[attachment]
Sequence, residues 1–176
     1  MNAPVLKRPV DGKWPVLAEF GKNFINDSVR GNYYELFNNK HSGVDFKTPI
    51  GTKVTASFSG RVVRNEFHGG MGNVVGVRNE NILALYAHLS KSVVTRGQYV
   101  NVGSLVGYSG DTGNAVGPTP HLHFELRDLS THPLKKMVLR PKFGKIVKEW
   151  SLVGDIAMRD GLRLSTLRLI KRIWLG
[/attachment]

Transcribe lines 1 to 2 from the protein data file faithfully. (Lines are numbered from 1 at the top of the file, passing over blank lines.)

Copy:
Sequence, residues 1–176
     1  MNAPVLKRPV DGKWPVLAEF GKNFINDSVR GNYYELFNNK HSGVDFKTPI